I must say of all the demands the one I find most amusing is Demand #6.

NIMBY only works if you are rich enough to be able to import your raw materials from somewhere else. While I agree that most of the initial signers of the Manifesto might be that rich, the rest of us aren't and so we will continue to need to hew wood and draw water.

Finally, as I wrote in my post I Support The Energy East Pipeline As A Pragmatic Environmentalist, there is a legitimate case to be made that, as we wean ourselves off fossil fuels, we still build a pipeline to allow Canadian oil to be used to fund our energy transition.

I must say of all the demands the one I find most amusing is Demand #6:

We want high-speed rail powered by just renewables and affordable public transit to unite every community in this country - in place of more cars, pipelines and exploding trains that endanger and divide us.

I cannot imagine greater proof that this list was written by a bunch of urbanites than a suggestion that we connect the country (and all cities) by high-speed rail, powered by renewables. With improved transit and smart planning we should be able to reduce our energy needs for transportation in our biggest cities; but the vast majority of Canada cannot be served by mass transit. There is not enough money in Canada to give every driver an alternative to driving.

All the transit in the world will also not address the need for panel vans and work trucks. Contractors, suppliers and salespeople cannot rely on the transit system. Try to imagine a plumber attempting to transport a new sink or toilet and all her supplies/tools to a job site on a bus?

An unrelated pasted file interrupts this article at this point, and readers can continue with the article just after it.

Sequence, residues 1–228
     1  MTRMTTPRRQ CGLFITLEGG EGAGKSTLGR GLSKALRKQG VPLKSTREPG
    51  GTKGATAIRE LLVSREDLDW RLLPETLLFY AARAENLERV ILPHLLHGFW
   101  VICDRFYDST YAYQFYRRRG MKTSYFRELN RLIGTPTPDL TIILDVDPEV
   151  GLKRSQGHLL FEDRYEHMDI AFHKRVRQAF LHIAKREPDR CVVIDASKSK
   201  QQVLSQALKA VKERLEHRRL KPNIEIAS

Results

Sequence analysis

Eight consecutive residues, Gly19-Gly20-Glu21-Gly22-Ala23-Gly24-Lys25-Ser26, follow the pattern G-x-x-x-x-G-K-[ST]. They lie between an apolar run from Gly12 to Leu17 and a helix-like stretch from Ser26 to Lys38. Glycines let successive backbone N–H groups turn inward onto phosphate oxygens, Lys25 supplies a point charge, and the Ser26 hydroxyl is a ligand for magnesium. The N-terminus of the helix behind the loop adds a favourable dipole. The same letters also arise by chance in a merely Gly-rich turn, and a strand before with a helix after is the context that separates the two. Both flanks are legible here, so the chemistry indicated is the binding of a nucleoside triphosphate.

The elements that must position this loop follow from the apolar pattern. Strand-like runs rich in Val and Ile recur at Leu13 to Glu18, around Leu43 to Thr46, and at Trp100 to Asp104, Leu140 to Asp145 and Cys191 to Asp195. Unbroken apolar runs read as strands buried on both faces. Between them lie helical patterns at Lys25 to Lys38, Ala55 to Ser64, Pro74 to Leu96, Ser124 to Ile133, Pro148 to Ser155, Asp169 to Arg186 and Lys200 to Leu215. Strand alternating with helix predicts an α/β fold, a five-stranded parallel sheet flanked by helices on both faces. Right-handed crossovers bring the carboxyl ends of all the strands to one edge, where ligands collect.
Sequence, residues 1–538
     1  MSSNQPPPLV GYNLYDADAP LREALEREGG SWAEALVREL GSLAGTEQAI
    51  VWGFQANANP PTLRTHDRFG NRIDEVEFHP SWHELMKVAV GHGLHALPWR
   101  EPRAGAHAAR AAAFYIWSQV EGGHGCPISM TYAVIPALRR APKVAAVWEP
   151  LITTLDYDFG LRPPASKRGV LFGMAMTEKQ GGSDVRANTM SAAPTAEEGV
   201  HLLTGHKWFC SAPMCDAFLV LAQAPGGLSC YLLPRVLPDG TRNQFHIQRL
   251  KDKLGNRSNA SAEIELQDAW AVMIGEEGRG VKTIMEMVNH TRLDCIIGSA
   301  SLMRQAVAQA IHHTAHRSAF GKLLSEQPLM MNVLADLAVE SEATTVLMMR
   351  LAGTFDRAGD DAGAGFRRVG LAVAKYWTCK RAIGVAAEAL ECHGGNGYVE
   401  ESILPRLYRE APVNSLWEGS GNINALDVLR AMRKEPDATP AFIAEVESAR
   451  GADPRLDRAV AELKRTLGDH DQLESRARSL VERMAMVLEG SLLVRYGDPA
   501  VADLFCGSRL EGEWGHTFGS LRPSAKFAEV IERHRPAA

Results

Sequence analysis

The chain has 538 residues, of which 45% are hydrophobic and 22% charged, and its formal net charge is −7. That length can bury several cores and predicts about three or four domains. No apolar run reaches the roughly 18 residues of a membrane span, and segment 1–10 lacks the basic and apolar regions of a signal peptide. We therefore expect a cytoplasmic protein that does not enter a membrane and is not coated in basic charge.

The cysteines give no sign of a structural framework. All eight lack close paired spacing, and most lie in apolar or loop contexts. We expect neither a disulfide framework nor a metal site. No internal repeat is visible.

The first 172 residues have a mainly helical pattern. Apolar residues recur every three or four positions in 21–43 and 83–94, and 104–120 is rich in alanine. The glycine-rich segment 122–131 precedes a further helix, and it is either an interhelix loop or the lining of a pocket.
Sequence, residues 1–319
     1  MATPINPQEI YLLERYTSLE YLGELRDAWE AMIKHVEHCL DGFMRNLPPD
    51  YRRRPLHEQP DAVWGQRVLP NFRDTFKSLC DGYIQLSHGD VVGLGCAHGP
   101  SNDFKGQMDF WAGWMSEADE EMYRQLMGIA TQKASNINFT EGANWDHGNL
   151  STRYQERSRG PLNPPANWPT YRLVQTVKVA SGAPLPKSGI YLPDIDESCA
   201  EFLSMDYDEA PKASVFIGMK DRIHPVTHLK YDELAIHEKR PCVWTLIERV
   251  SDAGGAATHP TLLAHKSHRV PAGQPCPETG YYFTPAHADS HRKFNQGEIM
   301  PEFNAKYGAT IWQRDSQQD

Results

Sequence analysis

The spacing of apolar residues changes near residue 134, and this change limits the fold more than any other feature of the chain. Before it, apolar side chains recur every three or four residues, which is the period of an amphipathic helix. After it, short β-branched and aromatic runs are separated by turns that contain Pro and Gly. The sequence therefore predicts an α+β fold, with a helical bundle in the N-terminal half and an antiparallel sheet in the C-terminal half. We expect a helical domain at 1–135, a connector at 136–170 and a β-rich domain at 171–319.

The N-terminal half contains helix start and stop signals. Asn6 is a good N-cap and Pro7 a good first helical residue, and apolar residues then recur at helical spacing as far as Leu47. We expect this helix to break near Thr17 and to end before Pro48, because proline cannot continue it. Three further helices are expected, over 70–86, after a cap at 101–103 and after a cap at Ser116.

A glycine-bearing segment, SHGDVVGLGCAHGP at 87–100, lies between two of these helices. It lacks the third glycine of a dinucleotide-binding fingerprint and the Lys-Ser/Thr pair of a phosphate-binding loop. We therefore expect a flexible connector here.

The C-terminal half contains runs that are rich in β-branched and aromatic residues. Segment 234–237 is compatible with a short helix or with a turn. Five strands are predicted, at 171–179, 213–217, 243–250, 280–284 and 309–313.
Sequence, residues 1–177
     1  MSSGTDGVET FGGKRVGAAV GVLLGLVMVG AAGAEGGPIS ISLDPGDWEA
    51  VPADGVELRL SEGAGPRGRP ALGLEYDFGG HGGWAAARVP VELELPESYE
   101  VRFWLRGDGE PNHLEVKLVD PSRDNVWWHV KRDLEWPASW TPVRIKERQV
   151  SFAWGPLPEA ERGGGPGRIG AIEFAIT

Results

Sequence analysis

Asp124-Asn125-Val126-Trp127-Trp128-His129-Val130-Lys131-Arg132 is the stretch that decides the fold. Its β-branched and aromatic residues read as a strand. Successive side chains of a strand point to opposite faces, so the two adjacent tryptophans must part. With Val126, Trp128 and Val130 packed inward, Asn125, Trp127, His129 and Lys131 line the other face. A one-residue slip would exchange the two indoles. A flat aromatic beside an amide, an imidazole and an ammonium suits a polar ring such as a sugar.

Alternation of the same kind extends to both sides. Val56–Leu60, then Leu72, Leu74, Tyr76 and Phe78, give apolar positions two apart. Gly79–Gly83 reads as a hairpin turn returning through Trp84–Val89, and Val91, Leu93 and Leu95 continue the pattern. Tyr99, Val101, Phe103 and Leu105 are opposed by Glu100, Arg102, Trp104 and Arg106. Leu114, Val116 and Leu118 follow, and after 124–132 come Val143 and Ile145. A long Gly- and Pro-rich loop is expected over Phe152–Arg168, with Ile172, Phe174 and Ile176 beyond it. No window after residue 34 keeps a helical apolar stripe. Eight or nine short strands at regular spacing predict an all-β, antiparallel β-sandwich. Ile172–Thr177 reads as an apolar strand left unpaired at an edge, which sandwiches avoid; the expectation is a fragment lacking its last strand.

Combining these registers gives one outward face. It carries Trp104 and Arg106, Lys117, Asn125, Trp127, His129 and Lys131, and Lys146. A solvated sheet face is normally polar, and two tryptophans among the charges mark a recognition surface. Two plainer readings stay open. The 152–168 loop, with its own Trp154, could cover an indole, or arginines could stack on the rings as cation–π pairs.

Finally, no amount of transit will reduce the need for the transport trucks that bring the groceries to market. The last time I looked it was pretty much impossible to move a pallet of milk or apples on transit.

Let's finish with: Demand #9

We must develop a more localized and ecologically-based agricultural system to reduce reliance on fossil fuels, absorb shocks in the global supply - and produce healthier and more affordable food for everyone

The "smaller is better," "local is better," "organic is better" memes in agriculture are some of the most pernicious myths to come out of the modern environmental movement and show a profound lack of understanding of how food is grown and energy is used as I write in my post: Local Isn't Better When It Comes To How Your Food Is Grown.

The authors of the Manifesto are well-meaning but appear to lack the real-world experience to understand that Canada is a HUGE country. Building a trans-continental railway was an incredible achievement. The thought of connecting every community in Canada by rail (powered by renewables no less); while also building all those renewable energy sources; while eliminating our dependence on fossil fuels; all by 2050; doesn't even warrant the description "pie in the sky" it is simply magical thinking.